FIVIMS _ppt_ - PowerPoint Presentation

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					             State Council

Ministries (NBS, MOA, MOH, CAS, LGPR)

     Provinces &Autonomous Cities


           Counties (2400+)


         Administrative Village

           (Natural Village)

China’s Statistical Information System
•Administrative Reporting System (ARS) for
collecting/aggregating data in each ministry. No established
practice of data exchange between ministries; therefore,
assembling cross-cutting data sets is going to be problematic.
•Top-down planning system where leadership (State Council)
deals with central ministries, the latter with their counterpart
provincial government agencies, the latter with the counties,
then towns/townships, administrative villages, etc. Hence,
central leadership need province-level info mainly, provinces
need county-level info, counties need townhip info, etc.
•NBS and a few ministries (e.g. MOA, MOH) have employed
survey sampling methods alongside their ARSs. Capability
and acceptability of survey sampling methods not yet well
Major Databases/Sources
•NBS: - Censuses (1996 CA, 2000 CPH)
      - County Database of 128 indicators; 20 published annually
      - Sample Surveys by RSO, USO, ESO, Population Dept.
      For poverty monitoring and FIVIMS, important surveys
      include RHS (857 sample counties, 67,000 households);
      NPS (of 592 nationally designated poor counties; results for
      OLGPR exclusively).
•MOA:- County database of 140 indicators
      - Fixed Rural Observation Villages Survey,
              a panel survey run annually since 1984 with
              300 villages and 21,000 households.
•CAS:-a state of the art electronic database system with
       500 gigabytes of information.
MOH:- also maintains a country database, and conducts
      health and nutrition surveys mostly in the Center for
      Preventive Medicine.
      Emerging Need For Small Area Statistics

PA program focused on (592) counties until now. Results
remarkable. However, questions have begun to arise:

•Designated poor counties not chosen objectively.
•Half of remaining poor are in 2412-592 counties.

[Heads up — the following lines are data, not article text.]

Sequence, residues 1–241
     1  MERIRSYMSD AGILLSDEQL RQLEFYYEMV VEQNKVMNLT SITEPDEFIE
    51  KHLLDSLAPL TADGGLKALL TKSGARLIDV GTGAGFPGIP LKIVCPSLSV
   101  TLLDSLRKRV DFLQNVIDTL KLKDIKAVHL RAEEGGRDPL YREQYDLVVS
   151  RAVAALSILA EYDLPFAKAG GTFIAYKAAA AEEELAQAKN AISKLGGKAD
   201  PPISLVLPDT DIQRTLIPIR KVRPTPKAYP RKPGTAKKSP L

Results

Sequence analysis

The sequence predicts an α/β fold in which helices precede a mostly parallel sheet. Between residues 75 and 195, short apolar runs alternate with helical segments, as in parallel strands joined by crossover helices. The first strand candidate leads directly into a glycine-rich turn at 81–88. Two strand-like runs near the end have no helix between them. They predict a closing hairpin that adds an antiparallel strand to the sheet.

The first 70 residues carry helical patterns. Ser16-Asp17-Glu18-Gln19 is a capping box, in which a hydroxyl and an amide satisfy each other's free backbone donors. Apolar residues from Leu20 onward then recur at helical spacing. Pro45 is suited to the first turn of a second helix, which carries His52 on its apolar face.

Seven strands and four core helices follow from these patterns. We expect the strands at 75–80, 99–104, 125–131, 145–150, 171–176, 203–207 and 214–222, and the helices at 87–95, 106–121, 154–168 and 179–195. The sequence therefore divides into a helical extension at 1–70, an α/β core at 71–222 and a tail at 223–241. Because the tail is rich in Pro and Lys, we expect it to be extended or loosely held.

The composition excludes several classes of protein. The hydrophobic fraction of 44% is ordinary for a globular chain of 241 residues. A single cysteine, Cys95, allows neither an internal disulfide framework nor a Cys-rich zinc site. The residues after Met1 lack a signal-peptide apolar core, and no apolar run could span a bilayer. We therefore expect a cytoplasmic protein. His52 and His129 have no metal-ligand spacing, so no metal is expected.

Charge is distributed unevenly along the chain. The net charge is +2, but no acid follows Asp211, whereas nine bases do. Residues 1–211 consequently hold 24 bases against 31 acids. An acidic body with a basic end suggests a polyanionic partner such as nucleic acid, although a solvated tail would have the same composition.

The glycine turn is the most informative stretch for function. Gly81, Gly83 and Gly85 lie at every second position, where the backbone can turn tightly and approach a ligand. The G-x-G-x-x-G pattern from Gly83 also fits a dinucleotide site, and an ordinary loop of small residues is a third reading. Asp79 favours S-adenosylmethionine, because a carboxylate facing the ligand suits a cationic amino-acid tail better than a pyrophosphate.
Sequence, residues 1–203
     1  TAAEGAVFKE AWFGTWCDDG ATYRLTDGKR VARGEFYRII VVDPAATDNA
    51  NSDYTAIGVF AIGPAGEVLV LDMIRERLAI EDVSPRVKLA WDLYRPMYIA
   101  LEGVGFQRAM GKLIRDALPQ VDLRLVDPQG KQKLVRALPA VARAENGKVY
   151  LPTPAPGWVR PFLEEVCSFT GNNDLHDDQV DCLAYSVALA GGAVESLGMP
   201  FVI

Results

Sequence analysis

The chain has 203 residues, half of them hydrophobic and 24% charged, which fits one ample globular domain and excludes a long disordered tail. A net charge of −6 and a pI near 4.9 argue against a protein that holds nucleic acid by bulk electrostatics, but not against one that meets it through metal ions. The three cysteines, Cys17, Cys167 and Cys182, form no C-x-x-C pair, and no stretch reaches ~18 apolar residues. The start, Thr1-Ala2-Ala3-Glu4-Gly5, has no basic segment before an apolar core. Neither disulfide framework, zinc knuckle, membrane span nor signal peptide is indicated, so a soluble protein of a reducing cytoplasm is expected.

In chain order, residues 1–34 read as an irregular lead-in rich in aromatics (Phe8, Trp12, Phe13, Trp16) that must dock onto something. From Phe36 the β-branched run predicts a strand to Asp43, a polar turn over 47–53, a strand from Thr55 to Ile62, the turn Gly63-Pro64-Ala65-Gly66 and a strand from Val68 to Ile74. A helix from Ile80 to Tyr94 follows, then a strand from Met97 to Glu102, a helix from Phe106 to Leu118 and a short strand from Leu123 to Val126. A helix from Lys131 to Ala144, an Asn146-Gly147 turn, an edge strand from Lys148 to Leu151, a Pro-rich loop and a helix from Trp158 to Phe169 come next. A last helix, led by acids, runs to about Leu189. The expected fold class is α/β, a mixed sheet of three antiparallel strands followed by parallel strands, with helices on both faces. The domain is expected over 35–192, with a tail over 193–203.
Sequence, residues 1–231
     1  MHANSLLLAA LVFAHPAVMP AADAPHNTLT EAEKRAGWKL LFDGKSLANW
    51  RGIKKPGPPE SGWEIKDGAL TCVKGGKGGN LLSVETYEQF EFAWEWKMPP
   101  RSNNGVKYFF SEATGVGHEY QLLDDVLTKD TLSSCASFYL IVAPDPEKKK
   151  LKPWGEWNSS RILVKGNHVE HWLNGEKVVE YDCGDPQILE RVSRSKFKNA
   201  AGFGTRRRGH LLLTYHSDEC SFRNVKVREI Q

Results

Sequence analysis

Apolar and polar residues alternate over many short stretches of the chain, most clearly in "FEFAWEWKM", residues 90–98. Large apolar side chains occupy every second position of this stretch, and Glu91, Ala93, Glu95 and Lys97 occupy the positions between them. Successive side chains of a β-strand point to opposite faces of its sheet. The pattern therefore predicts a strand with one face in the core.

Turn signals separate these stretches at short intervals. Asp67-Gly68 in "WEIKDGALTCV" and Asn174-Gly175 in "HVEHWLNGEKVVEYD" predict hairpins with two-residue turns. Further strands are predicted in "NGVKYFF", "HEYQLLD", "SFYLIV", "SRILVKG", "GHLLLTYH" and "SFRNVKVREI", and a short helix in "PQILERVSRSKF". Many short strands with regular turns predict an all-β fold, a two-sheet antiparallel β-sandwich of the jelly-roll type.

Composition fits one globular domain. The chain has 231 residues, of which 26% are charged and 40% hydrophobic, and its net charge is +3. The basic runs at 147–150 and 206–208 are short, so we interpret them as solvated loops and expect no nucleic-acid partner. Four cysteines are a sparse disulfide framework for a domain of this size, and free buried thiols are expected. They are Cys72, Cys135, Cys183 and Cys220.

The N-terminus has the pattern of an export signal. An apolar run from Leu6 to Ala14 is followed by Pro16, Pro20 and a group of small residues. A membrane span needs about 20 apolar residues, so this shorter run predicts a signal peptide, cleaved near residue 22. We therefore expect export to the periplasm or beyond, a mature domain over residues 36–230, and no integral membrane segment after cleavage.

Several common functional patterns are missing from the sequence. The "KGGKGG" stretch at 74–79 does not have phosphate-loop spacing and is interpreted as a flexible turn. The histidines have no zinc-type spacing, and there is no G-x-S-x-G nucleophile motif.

•Remaining poor concentrated in “poverty traps” that are
       townships and villages, many in Western region.
•Need to focus also on human (non-income) poverty.
•Urban poverty needs to be given more attention now,

Efficiency in targeting to reach the remaining poor require
that PA programs go lower, to townships & villages.
OLGPR has plans to change to a new PA policy gradually in
next 10 years.

•Main focus is on townships & villages, with counties exercising overall
administration. County is basic unit of planning; township is not a basic unit
of planning; in terms of action plan, use village level

•Provinces will rank/identify poor townships & villages; CG and provincial
funds will be allocated directly to them. Need for consistency in provinces’
methods .

•The CG will still identify poor counties (not necessarily the same 592)
because some ministries & donors may still want to target their interventions
at some counties.
OLGPR will need help in having the needed county,
township and village data, and in developing
methodologies for identifying/ranking poor areas.

There are some initiatives in this direction from ADB,
WFP, UNDP, WB; and of course FIVIMS/FAO.
FIVIMS Information Requirements

•Crosscutting; e.g. agriculture (area, production per
capita,…),agro-climate (precipitation, soil type, …), primary
education (enrolment ratios, gender balance,…), nutrition
(energy intake, stunting, underweight, …), health (mortality
and morbidity rates, …). Importance of sharing,
networking between sources, users, and stakeholders.

•In addition to levels, trends and variabilities (time series)
for some indicators are needed for analysis and assessment
of insecurity and vulnerability.

•Disaggregated to small areas/domains. In China, uniform
geo-codes available down to counties only.
Sources and Methods of Indicators/Statistics Production

1. Direct from primary source. Eg. Tabulate ag census
   for villages, townships, counties, provinces, regions.
   Then there will be no need to reprocess every time
   someone needs info. Estimates from reporting
   systems, see e.g. NBS and MOA county indicators in
   Annexes 1 & 5. Estimates from surveys, e.g. see